Paul did not bluntly bring them to book on this point directly he opened his first epistle. Whence came the tendency to split into parties and schools of opinion? Whence the immorality, the love of litigation, the carelessness about idolatry, the disorder in their meetings, the speculative errors as to the resurrection? From the flesh doubtless; but also as imported from the world around them, for Corinth was full of things of that kind. We may learn a valuable lesson from Paul's wise action. In his first epistle he contented himself with meeting the errors which lay on the surface, waiting until that letter had had its effect before he exposed the underlying causes. Now however, a suitable spiritual atmosphere had been produced. He had been able to direct their thoughts to the ministry of reconciliation. God and the world are in the sharpest possible antagonism, and therefore reconciliation with the One must involve separation from the other. Hence the opportune moment to speak plainly on this point had arrived.

The Apostle Paul was the man of large heart. The Corinthians were saints of narrow affections. "Straightened," means narrowed, and "bowels," signifies affections. Quite remarkable-do you think not? The average man of the world would assess matters just the other way round, and not a few Christians would agree with him. They would dub the separate Christian as, the "narrow-minded man," and praise the easygoing one of worldly type, as the large-hearted man. But, as a matter of fact it is the separate believer who finds his centre in Christ, and so enters into the largeness of His interests. The worldly believer is limited by this little world and narrowed down to selfish interests. Paul exhorted the Corinthians to be enlarged by separation from the world.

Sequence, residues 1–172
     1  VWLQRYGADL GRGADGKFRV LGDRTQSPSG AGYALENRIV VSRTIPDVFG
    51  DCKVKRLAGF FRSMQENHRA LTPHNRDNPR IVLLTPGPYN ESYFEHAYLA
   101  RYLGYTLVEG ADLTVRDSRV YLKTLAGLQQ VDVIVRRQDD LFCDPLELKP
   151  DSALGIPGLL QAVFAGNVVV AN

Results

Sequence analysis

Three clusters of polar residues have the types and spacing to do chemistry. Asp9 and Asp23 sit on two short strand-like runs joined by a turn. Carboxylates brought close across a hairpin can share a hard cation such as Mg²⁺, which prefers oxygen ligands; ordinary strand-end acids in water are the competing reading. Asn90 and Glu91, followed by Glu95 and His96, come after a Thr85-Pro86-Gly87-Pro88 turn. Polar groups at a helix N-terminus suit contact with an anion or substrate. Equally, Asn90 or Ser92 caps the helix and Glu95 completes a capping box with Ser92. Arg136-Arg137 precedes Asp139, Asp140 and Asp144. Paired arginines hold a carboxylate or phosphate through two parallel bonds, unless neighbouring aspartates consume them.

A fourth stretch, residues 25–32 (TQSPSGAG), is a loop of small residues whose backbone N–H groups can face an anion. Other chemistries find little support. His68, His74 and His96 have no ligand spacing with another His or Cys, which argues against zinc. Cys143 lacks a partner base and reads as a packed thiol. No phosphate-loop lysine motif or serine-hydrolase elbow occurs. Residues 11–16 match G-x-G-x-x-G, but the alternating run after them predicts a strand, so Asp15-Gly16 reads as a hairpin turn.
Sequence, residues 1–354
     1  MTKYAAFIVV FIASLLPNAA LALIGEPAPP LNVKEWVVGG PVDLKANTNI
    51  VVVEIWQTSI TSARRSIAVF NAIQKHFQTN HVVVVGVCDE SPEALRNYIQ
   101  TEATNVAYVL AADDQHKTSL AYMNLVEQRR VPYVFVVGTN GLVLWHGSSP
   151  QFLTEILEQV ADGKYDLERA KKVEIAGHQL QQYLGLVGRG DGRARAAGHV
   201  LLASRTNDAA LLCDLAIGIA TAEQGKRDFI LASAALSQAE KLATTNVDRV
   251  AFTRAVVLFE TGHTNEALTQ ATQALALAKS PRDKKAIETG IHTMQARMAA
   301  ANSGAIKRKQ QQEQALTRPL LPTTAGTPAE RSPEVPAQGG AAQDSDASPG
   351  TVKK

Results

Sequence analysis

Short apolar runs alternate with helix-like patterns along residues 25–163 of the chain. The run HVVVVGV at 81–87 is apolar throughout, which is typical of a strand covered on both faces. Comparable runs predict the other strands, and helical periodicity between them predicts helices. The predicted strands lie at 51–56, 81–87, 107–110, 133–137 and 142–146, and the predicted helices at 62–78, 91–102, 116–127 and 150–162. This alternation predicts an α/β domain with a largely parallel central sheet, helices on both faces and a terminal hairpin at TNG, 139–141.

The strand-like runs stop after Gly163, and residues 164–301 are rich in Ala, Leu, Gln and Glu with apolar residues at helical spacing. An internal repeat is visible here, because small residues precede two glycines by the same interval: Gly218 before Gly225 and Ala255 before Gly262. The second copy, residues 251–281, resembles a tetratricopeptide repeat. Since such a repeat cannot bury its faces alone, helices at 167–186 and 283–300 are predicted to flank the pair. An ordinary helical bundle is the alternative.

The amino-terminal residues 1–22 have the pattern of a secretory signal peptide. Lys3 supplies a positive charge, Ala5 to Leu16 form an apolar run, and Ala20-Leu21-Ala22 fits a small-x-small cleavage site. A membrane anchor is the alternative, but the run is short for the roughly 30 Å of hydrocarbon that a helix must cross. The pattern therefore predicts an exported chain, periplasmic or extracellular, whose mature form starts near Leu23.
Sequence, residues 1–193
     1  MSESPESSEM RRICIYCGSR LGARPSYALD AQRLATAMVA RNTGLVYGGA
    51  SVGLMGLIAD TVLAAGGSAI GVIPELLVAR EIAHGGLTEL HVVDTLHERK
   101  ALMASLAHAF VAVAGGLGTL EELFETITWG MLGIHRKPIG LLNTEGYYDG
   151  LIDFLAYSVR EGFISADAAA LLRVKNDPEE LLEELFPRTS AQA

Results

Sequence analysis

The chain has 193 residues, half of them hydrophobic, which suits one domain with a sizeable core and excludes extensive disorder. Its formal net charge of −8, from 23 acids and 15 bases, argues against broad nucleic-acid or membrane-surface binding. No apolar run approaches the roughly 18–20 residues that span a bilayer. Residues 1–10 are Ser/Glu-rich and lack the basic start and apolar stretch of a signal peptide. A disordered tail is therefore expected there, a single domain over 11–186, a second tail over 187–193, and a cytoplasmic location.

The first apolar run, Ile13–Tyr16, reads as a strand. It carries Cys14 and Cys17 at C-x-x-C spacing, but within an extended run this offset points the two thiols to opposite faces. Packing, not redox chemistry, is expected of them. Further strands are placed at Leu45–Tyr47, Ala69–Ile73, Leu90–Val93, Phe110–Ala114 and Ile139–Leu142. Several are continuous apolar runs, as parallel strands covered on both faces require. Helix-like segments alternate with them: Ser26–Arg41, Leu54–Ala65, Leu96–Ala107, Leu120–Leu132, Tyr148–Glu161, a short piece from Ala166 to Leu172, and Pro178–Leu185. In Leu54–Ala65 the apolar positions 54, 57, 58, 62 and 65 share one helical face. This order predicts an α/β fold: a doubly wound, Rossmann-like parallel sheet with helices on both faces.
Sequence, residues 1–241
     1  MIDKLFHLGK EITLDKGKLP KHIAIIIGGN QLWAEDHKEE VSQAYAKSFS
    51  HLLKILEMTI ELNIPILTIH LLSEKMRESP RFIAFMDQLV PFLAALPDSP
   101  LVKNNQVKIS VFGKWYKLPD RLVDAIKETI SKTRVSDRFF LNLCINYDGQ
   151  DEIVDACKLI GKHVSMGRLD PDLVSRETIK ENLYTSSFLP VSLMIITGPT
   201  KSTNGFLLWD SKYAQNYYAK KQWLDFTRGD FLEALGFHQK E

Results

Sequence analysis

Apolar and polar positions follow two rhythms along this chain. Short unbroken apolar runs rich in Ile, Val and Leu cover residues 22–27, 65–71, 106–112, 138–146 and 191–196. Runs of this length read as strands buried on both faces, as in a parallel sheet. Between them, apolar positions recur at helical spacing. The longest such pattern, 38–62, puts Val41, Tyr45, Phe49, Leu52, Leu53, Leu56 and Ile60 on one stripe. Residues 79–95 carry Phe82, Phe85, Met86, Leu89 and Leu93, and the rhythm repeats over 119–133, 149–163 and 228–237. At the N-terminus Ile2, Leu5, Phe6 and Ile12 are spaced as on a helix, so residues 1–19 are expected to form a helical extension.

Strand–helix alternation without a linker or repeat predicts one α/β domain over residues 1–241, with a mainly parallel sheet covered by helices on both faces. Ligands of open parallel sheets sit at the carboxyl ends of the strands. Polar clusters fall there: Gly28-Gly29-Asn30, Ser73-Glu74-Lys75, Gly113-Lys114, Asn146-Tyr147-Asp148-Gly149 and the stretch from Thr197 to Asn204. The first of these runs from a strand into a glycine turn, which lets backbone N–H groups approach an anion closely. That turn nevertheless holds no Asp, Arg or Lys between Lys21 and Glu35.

Verse 14 contains an allusion to Deuteronomy 22: 10. The word literally is "diversely yoked" though of course if two, of diverse nature and form, such as the ox and the ass, were put together the resultant yoke would prove to be unequal. Any yoking together of the believer and the unbeliever must be unequal because they are diverse in their very nature and character-the one, born of God, a child of light; the other still in the Adamic nature, a child of darkness. The yoking together of two, so wholly diverse, must prove disastrous.

It is a question, be it noted, of a yoke. The believer is left in the world, and comes into contact with all sorts, as is indicated in 1 Corinthians 5: 9, 10. While mixing thus with all sorts he is to be careful to avoid being yoked with any. The most intimate and permanent yoke that the world knows is that of marriage. A believer may yoke himself with an unbeliever by a business partnership. Before he is through with it he may suffer much spiritual loss and the Lord's Name be dishonoured; since he has to share in the responsibility of evil things wrought by the unconverted partner. But at least he can get out of it in process of time, even if at financial loss to himself. But marriage he cannot get out of save by death-his own or his partner's. And there are many other yokes besides those in marriage and in business, though not so strong and enduring. We are to shun all of them.